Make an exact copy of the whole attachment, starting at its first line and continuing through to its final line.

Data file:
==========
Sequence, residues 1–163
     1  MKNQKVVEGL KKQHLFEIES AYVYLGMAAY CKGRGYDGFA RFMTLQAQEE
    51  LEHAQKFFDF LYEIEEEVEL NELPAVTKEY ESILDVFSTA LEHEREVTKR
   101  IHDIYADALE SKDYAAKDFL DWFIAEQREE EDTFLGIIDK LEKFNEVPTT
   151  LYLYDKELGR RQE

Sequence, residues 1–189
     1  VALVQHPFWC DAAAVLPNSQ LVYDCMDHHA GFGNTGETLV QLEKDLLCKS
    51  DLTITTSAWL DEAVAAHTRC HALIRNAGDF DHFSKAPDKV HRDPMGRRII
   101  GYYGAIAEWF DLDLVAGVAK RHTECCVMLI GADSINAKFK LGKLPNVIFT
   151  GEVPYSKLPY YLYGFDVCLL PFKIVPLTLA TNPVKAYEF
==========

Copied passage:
Sequence, residues 1–163
     1  MKNQKVVEGL KKQHLFEIES AYVYLGMAAY CKGRGYDGFA RFMTLQAQEE
    51  LEHAQKFFDF LYEIEEEVEL NELPAVTKEY ESILDVFSTA LEHEREVTKR
   101  IHDIYADALE SKDYAAKDFL DWFIAEQREE EDTFLGIIDK LEKFNEVPTT
   151  LYLYDKELGR RQE

Sequence, residues 1–189
     1  VALVQHPFWC DAAAVLPNSQ LVYDCMDHHA GFGNTGETLV QLEKDLLCKS
    51  DLTITTSAWL DEAVAAHTRC HALIRNAGDF DHFSKAPDKV HRDPMGRRII
   101  GYYGAIAEWF DLDLVAGVAK RHTECCVMLI GADSINAKFK LGKLPNVIFT
   151  GEVPYSKLPY YLYGFDVCLL PFKIVPLTLA TNPVKAYEF